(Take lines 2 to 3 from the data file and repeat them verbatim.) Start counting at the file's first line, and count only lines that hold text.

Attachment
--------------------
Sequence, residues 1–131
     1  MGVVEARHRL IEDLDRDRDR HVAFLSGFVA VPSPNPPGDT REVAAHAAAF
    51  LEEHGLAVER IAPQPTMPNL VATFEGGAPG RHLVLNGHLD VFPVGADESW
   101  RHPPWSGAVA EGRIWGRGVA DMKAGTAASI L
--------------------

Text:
     1  MGVVEARHRL IEDLDRDRDR HVAFLSGFVA VPSPNPPGDT REVAAHAAAF
    51  LEEHGLAVER IAPQPTMPNL VATFEGGAPG RHLVLNGHLD VFPVGADESW